Covid-19 constrains Sadc economy

The novel Coronavirus (Covid-19) pandemic has constrained Southern African Development Community (Sadc) economies resulting in an uncertain business landscape across the region and the world.

The regional bloc said this in its latest monthly report for April, which assessed the impact of Covid-19 on member countries. As the pandemic-induced pressure mounts, industries are moving swiftly to build resilience, while governments are mobilising to safeguard citizens and manage the social and economic fallout, said the bloc.

In view of these factors, combines with the on-going lockdowns around the globe, Sadc said the trading platform was slowly being skewed with some players losing while others winning.

It said sectors that have been severely impacted by Covid-19 include the tourism and leisure, aviation and maritime, automotive, construction and real estate, manufacturing, finance services, education and the oil industry.

On a positive note, despite strong global misconceptions about the transmission of Covid-19 pandemic, it said the global functioning of the food processing and retail business have remained stable.

“The food processing and retail business largely benefited from the recent announcement by WHO (World Health Organisation) and World Food Organisation that, it is highly unlikely that people can contract Covid-19 from food or food packaging.

“As such, companies in food processing and retail have witnessed a rise in demand,” said Sadc.

However, it said this demand was only in the short run and has the potential to fuel inflation.

“The global lockdown has also presented opportunities in the Information Communication Technology (ICT)industry. Many companies have benefited from the pandemic, in particular, Zoom video communications has seen a surge in online meetings, while Netflix has seen a rise in home streaming during the lockdown.

“There is also a surge in using Skype for communicating and meetings. Chat app Slack has also seen a surge in users, while workplace chat platform Microsoft Teams saw daily active users rocketing to 2,7 billion meeting minutes in April 2020, a 200 percent surge from 900 million recorded in March 2020,” it said.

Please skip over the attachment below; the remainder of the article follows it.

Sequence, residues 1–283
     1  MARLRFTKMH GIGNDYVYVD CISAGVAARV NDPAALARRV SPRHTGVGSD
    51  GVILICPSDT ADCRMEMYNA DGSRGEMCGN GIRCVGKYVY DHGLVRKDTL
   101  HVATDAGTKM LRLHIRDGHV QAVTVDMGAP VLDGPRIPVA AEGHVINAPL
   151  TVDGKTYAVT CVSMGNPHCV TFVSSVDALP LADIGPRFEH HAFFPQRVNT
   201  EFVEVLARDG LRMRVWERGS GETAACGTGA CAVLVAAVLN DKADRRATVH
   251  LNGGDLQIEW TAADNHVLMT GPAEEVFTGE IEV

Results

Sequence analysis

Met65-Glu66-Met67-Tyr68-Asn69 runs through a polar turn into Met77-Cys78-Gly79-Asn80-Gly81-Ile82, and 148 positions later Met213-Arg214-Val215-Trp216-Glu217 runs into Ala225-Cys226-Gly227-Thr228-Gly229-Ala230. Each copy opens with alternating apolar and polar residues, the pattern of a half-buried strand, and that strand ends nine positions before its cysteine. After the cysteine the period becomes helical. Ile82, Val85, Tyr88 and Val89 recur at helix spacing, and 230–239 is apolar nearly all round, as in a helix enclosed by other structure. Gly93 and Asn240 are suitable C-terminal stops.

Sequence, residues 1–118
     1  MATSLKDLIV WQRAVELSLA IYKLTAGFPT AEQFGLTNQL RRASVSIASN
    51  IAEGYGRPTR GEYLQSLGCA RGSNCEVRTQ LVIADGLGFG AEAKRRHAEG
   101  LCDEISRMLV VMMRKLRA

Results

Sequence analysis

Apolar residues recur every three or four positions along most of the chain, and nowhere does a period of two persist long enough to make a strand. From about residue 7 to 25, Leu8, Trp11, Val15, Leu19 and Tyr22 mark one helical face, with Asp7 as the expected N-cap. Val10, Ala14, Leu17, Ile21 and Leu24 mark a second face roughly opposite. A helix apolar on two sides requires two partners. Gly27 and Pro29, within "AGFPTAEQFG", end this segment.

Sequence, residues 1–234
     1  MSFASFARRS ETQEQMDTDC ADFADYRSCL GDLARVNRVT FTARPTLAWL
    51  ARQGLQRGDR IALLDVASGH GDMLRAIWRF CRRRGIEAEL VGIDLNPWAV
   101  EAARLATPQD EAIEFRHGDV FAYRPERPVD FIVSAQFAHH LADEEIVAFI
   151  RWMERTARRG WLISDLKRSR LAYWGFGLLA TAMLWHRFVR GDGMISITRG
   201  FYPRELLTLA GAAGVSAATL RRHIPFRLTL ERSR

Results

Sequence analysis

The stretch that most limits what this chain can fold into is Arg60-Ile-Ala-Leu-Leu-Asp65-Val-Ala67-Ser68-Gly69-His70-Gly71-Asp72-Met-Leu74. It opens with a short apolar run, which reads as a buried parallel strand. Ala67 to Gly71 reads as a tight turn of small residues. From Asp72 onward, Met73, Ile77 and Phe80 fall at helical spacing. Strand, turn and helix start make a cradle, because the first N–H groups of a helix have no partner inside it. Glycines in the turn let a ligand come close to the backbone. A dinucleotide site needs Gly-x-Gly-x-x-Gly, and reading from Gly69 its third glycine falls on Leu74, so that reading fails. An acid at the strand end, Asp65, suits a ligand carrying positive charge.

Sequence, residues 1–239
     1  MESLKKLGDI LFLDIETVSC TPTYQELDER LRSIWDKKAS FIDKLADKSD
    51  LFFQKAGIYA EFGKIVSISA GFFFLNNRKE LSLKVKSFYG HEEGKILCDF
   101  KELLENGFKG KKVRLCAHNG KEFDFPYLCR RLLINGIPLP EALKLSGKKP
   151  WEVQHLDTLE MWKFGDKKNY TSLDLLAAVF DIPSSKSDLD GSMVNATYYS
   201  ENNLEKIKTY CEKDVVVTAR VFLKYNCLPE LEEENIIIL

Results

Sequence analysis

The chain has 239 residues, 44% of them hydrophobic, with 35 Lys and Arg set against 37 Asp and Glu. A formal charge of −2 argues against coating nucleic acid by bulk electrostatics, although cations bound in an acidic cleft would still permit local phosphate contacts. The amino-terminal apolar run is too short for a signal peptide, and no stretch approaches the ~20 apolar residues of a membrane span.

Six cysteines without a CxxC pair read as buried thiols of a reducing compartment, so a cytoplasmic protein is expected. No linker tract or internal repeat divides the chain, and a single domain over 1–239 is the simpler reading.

Sadc noted that while these platforms were crucial in the transition to digital economy and during Covid-19, security is not guaranteed.

The regional bloc also noted that e-commerce platform has also experienced a surge in users.

“Experts have established that the likelihood of contaminating during shipping commercial goods is low and the risk of catching the virus that causes Covid-19 from a package that has been moved, travelled and exposed to different conditions and temperatures is also low.

“There are also notable behavioural changes around the way people are buying groceries,” Sadc said.

The benefits associated with Covid-19 to the ICT industry maybe short-lived as the auxiliary industries are weighed down by the pandemic.

“The negatively impacted industries that include tourism, aviation and sport have seen a dip in visits volumes and business on websites for airlines, travel agents, hotels and tourist destinations,” said the bloc.

Additionally, it said uncertainty has changed consumer spending behaviours and patterns towards essential products and services, which can adversely affect the business and revenues for e-commerce industry that include Amazon, Alibaba, Walmart, JD.com and Rakuten in the long run.

The adverse impact of the changing consumer spending behaviour can be depicted by the month on month decline in retail sales of 8,4 percent in March 2020.

On the other hand, the Covid-19, which has disrupted operations of companies is likely to squeeze the advertisement revenues for the media and entertainment industry as companies reprioritise expenditures to preserve resources in the face of uncertainty.-herald.co.zw

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